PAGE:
University of California President Janet Napolitano announced Wednesday she will leave her post in August 2020, ending a six-year tenure leading the 10-campus system, during which she championed climate, gender and immigration policies but sparred with state officials over tuition and spending.
Napolitano, 61, called her time at the helm of Californias flagship public university system “deeply gratifying and rewarding,” and said her decision to step down was “tough” and “bittersweet.” The move had nothing to do with her health, Napolitano said, adding that with a new governor and turnover on the Board of Regents, it “seemed like a good time to have some fresh blood.”
“Suffice to say, the University of California is a wonderful and unique institution of higher education,” Napolitano said in a call with reporters. “It has been my great great honor to lead it for these last six years.”
Though she will relinquish her leadership role, Napolitano — UCs 20th president and the first woman to hold the position — said she will not be leaving the university system entirely. The former Arizona governor, who served as President Barack Obamas first U.S. Homeland Security secretary, plans to take a year off before teaching at UC Berkeleys Goldman School of Public Policy, where she is currently a tenured professor.
In announcing her departure from UC, Napolitano touted her efforts to increase enrollment and access for California students while stabilizing tuition, expanding access for community college transfers and addressing student housing affordability.
She said she took pride in establishing UC as a leader on national issues including climate change, Title IX and rights for “Dreamer” students who were raised in the U.S. as undocumented immigrants. Among these accomplishments are her commitment to net-zero greenhouse gas emissions from UCs buildings and vehicles by 2025; the establishment of UCs first systemwide Title IX office to ensure coordination, consistency and timeliness in implementing university policy against sexual harassment and violence; and the decision to sue the Trump administration over its efforts to end the DACA program.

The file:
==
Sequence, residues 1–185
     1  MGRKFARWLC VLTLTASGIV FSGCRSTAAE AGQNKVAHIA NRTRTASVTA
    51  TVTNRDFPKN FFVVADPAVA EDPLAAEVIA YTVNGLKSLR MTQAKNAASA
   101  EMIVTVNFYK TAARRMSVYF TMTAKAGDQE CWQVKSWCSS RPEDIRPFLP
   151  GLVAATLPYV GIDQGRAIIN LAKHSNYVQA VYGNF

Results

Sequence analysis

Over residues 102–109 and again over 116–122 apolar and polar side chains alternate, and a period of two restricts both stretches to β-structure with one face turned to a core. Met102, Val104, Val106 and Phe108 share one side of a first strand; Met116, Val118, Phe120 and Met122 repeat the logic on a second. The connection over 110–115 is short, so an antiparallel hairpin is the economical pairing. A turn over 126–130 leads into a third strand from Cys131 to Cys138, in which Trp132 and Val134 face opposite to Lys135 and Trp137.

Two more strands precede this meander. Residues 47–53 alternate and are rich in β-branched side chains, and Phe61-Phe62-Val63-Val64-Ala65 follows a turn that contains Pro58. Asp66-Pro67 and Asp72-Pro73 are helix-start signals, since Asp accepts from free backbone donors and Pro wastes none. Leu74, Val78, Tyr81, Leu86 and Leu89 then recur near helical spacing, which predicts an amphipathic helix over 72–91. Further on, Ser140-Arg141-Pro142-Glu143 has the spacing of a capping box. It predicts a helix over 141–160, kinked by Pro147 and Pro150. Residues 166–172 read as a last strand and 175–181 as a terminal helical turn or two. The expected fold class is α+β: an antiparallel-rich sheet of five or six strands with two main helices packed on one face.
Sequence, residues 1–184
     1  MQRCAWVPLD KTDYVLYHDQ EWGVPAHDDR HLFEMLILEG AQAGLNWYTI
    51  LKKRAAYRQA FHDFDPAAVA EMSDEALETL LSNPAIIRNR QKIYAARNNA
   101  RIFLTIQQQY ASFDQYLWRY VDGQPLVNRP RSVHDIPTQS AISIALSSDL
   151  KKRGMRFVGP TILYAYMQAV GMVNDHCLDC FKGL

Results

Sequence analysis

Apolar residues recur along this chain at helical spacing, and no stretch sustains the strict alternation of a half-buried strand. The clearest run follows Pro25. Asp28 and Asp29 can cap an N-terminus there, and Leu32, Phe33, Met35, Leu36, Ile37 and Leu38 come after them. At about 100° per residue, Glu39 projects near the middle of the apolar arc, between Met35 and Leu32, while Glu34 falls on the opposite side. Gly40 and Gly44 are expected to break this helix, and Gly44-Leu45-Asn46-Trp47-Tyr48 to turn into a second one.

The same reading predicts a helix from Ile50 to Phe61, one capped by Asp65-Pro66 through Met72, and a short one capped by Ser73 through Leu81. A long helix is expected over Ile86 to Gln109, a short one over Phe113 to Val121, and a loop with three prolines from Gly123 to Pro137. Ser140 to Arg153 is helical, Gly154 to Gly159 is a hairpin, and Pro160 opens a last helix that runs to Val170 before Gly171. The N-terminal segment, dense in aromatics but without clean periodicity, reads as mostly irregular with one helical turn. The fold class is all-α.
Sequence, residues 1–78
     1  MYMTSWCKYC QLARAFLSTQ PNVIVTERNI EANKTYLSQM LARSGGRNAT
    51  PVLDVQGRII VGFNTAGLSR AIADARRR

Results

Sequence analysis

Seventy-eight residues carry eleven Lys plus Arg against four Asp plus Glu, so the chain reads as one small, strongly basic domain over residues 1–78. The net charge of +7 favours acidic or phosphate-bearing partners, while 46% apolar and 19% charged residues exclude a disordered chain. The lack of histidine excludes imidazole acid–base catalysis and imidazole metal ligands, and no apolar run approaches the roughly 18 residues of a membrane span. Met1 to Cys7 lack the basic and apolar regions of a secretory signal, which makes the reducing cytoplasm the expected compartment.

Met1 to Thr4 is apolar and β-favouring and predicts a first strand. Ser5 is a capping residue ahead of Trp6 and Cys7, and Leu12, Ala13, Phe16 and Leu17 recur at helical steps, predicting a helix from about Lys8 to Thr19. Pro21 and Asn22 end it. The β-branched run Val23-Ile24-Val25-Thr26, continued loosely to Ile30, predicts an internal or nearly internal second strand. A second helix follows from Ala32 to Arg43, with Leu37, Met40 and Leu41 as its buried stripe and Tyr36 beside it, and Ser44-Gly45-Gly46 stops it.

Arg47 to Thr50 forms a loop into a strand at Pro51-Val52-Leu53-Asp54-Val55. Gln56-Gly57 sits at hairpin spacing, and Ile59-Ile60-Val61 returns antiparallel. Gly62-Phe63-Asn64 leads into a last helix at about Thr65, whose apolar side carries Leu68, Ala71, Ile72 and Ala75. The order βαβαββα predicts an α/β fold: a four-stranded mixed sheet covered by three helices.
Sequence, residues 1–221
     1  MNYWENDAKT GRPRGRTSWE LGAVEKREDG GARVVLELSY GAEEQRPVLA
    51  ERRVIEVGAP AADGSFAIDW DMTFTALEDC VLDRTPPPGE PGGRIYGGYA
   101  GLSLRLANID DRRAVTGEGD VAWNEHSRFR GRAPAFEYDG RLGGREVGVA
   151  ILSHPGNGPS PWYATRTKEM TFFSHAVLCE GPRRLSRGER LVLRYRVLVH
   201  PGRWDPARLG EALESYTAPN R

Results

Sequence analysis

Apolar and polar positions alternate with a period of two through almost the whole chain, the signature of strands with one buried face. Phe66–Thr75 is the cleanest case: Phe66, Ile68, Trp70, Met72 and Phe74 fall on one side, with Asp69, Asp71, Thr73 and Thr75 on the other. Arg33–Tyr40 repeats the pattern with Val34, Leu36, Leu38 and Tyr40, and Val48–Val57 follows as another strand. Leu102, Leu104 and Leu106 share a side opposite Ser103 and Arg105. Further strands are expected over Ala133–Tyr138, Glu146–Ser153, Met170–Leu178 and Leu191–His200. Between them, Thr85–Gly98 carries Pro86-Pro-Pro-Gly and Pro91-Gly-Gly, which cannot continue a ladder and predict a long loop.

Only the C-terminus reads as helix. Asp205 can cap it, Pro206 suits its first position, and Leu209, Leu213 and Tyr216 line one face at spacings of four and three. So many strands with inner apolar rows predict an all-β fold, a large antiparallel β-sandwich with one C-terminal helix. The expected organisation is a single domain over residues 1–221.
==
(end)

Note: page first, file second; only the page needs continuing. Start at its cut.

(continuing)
UC was the first public university system to take legal action to save DACA, which Napolitano created as Homeland Security secretary to provide deportation protection and other benefits to young undocumented immigrants brought to the US as children.
Napolitanos embrace of such progressive causes endeared her to many student and state leaders.
“Weve appreciated the passion she brought to the job, her commitment to using the power of education to impact and improve the lot of all of us in society,” said Board of Regents Chair John A. Pérez.
Jim Wunderman, president of the Bay Area Council, a business group, called Napolitanos departure “a huge loss” and applauded her for “deepening connections with the business community” which he said “will pay major dividends for the state for decades to come.”
But Napolitano also faced sharp criticism of her leadership — most notably in 2017, after she interfered with a state audit that found her office had kept $175 million in undisclosed reserves, used misleading budgeting practices, gave employees overly generous salaries and failed to justify spending.
UCs Board of Regents chastised Napolitano for “poor judgment” in the audit incident but continued to support her.
“That type of accounting had gone on for years,” Pérez said Wednesday. “It was not something the president instigated during her term.”
And though undergraduate resident tuition rose just once during her tenure, by 2.5 percent, both Gov. Gavin Newsom and his predecessor, former Gov. Jerry Brown, frequently battled Napolitano over proposed tuition hikes and urged her to do more to keep UC spending in check.
In 2014, for example, Napolitano proposed five straight years of 5-percent Read More – Source